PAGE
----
In Consider the Fork: A History of How We Cook and Eat, Bee Wilson takes us through the development of ubiquitous cooking tools, some of which have changed very little since their invention (like the spoon) and others that have improved many times over (like refrigeration). Wilson is mostly concerned with history and adoption, but does cover some science when appropriate, like in the development of canned foods. Maybe Consider the Fork was deemed a catchier title, but I think a spoon would have been more appropriate as it is the almost universal utensil. Wilson notes that the fork is not loved by all (chopsticks and fingers are the other main utensils), but just about everyone uses a spoon. Cooking and eating are the grand unifying activities across all cultures, which are also united by a simple but ingenious tool.
It was the fork though, that changed our bodies. Many of us deal with a lot of metal in our mouths during adolescence to achieve the ideal straightness and overbite. The aptly named Professor Charles Loring Brace is an American anthropologist whose researches the development of the overbite, which didn’t appear until the late eighteenth century. As there was no big change that happened to diets at that time, his theory is that it was caused by the widespread use of forks. We no longer needed our top and bottom teeth to touch for optimal biting and ripping, so the top layer progressed forward. Evidence has so far supported this theory, as cultures that adopted the fork later (or not at all, such as the Chinese) have corresponding overbites (or not).
Consider the Fork covers more than just utensils though. Continuously puzzling, is American’s reluctance to join the rest of the world (except for Liberia and Myanmar) in adopting the French metric system for measurement. Instead we insist on measuring dry goods by volume, even though this is highly variable. Wilson says that our measurement tools should fulfill these five requirements: accuracy (adhering to a fixed value), precision, consistency (measuring the same amount time and again), convertibility (fitting into a system and being able to measure butter as well as flour or any other ingredient), and ease of use. (113-4) Volumetric cups do none of these well, except for being as simple as possible and portable. But, “a cup of something is not just a cup. Experiments have shown that a cup of flour may vary in weight from 4 to 6 ounces, just by changing the degree to which the flour is sifted and airy or tamped down.” (116) I did an experiment with 5th graders where they each scooped a ½ cup of flour and then we measured them, and they varied by 15 grams. Besides the variability, the system just does not make sense. Even after a decade of independent cooking, I still find myself having to look up how many tablespoons go in a cup, whereas I never need to question how many milliliters are in a liter. I know large infrastructure changes as at first a setback, but I think we owe it to the sanity of future generations to embrace metrics. We can measure by the liter, run by the kilometer, record heat in Celsius, and measure in harmony with the rest of the world. (And while we’re at it, let’s get rid of daylight savings please.)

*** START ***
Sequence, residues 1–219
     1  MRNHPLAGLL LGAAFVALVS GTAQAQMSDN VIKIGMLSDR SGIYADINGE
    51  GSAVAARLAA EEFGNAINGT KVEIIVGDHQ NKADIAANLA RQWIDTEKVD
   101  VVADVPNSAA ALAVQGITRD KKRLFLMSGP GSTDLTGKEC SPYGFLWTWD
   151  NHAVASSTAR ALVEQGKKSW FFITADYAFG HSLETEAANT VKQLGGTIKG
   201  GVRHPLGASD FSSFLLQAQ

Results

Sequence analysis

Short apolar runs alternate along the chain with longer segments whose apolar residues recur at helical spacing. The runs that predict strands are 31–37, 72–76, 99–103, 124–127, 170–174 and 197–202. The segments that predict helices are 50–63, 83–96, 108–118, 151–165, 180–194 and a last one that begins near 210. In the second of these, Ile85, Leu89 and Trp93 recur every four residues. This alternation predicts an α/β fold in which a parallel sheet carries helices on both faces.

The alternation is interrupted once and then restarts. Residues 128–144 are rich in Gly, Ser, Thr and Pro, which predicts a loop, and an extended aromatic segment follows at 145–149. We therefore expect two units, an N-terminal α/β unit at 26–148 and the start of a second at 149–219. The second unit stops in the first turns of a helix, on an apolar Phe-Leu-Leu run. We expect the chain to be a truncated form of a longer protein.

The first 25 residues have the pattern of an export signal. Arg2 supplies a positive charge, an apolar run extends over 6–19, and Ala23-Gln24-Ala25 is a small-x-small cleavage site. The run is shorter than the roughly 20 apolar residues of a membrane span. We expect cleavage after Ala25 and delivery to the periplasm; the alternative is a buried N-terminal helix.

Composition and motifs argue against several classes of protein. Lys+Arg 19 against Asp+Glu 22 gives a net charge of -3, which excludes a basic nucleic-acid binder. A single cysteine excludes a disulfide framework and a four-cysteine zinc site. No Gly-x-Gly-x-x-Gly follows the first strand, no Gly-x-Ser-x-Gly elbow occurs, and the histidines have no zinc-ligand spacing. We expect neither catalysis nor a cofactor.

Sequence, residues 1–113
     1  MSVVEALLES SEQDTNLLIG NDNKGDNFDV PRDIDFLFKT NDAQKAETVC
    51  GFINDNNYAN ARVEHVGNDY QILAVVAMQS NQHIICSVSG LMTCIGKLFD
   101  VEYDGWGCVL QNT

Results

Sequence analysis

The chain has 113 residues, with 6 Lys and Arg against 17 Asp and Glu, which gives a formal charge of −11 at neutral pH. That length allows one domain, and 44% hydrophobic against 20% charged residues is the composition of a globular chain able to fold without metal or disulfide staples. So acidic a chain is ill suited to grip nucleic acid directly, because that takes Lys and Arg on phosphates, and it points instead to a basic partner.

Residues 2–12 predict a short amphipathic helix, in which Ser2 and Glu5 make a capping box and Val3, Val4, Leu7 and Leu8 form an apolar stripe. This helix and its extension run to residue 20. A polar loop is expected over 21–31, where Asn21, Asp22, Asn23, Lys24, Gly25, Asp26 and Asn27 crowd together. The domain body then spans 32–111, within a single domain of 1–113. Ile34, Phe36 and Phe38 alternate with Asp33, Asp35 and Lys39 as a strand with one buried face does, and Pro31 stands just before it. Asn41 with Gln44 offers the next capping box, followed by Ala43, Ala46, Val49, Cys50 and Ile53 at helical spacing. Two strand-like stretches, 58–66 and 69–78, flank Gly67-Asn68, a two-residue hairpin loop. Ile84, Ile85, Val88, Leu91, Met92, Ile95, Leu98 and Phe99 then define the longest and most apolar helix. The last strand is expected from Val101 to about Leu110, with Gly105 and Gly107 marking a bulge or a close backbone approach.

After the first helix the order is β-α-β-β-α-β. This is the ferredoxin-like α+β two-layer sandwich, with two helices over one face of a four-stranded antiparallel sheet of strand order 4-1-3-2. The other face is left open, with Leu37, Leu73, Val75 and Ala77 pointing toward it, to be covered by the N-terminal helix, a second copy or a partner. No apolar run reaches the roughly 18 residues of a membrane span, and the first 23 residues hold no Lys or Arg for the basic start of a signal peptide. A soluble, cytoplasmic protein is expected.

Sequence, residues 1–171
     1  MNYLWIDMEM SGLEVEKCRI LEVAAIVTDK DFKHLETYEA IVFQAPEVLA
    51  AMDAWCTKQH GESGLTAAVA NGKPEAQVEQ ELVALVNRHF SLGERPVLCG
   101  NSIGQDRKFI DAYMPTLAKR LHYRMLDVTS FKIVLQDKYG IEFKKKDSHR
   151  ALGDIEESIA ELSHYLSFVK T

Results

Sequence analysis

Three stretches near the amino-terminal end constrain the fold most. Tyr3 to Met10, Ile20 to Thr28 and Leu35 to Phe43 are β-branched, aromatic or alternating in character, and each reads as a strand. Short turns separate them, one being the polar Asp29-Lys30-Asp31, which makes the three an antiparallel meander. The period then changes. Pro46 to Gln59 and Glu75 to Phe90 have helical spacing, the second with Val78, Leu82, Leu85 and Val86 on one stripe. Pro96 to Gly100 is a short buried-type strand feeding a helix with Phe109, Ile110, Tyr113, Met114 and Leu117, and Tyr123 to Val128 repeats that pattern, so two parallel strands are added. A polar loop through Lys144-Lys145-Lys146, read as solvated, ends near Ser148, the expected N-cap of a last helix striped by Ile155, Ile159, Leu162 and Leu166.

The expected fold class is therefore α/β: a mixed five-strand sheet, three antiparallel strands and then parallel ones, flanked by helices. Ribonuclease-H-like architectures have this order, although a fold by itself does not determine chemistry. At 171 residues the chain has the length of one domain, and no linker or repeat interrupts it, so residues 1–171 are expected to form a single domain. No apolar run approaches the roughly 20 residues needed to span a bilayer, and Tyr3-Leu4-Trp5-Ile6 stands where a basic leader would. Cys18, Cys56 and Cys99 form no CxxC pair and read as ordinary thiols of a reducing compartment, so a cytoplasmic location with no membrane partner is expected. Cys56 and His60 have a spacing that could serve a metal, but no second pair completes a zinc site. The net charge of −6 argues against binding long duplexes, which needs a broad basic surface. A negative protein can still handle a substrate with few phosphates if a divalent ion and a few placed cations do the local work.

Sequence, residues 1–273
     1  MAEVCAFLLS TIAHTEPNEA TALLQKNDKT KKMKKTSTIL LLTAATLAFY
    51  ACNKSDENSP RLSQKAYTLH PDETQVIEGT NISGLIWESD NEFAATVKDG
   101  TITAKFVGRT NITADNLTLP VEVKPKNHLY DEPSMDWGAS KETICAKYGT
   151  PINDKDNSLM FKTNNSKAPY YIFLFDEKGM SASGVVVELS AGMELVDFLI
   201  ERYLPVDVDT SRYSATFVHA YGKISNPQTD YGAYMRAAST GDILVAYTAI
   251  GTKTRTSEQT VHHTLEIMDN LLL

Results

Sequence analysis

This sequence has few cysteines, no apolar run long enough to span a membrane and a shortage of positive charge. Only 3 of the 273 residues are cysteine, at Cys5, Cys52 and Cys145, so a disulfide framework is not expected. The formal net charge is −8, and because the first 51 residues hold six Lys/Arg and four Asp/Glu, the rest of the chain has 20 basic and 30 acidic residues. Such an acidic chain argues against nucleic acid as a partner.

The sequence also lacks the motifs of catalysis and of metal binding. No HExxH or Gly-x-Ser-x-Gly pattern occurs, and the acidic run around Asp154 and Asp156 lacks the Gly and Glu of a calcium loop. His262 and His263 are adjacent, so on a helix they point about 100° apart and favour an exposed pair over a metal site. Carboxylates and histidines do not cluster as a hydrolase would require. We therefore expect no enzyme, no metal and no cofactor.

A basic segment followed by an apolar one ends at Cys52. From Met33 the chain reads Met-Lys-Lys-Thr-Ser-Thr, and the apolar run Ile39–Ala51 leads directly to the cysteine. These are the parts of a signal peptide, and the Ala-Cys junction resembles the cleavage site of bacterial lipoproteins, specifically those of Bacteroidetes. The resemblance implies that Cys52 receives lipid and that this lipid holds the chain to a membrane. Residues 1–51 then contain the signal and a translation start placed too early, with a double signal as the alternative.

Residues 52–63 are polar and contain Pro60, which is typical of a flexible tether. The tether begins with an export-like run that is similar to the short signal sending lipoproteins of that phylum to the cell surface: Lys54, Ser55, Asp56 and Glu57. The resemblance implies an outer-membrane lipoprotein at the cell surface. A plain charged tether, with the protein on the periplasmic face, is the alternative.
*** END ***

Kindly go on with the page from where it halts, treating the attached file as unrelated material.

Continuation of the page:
Wilson doesn’t devote many pages to the subject, but she brings up labor saving in an interesting way. The general view of devices such as fridges and food processors is that they use less labor to get food from the field on to our plates. But really we’ve just been further removed from the labor: “We do not see the hands in the chicken factory that boned the breasts, never mind the chickens that gave their lives, nor the workers who labored to assemble the parts of our whizzy food processors. We only see a pile of ingredients and a machine ready to do our bidding. Alone in our kitchens, we feel entirely emancipated.” (173) She certainly paints a lonely picture of the kitchen, disjointed from the connected and transparent food system that is increasingly called for.
Consider the Fork was well researched, and a mix of anthropology, history, and science. The emphasis was more on the anthropology and history than science which disappointed me a bit, but it didn’t detract from my reading experience much. It was an entertaining read, and a great addition to the general culinary history library (if these kind of books are your jam, Catching Fire: How Cooking Made Us Human is another great one).
Further reading (or listening): The Golden Spoon